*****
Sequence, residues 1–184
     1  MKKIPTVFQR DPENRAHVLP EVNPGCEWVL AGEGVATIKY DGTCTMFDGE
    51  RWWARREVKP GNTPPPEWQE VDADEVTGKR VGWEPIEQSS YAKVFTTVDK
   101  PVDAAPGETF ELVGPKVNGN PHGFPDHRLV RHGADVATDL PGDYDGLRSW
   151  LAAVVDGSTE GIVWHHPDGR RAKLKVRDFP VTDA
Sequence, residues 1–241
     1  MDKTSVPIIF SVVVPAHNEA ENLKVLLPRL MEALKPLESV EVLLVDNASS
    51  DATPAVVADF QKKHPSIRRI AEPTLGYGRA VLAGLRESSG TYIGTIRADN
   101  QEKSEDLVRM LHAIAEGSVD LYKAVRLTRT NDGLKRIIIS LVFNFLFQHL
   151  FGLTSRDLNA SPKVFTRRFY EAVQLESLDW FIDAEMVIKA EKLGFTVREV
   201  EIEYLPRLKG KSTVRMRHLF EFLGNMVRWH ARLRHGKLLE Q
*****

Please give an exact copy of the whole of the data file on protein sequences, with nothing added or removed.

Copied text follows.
Sequence, residues 1–184
     1  MKKIPTVFQR DPENRAHVLP EVNPGCEWVL AGEGVATIKY DGTCTMFDGE
    51  RWWARREVKP GNTPPPEWQE VDADEVTGKR VGWEPIEQSS YAKVFTTVDK
   101  PVDAAPGETF ELVGPKVNGN PHGFPDHRLV RHGADVATDL PGDYDGLRSW
   151  LAAVVDGSTE GIVWHHPDGR RAKLKVRDFP VTDA
Sequence, residues 1–241
     1  MDKTSVPIIF SVVVPAHNEA ENLKVLLPRL MEALKPLESV EVLLVDNASS
    51  DATPAVVADF QKKHPSIRRI AEPTLGYGRA VLAGLRESSG TYIGTIRADN
   101  QEKSEDLVRM LHAIAEGSVD LYKAVRLTRT NDGLKRIIIS LVFNFLFQHL
   151  FGLTSRDLNA SPKVFTRRFY EAVQLESLDW FIDAEMVIKA EKLGFTVREV
   201  EIEYLPRLKG KSTVRMRHLF EFLGNMVRWH ARLRHGKLLE Q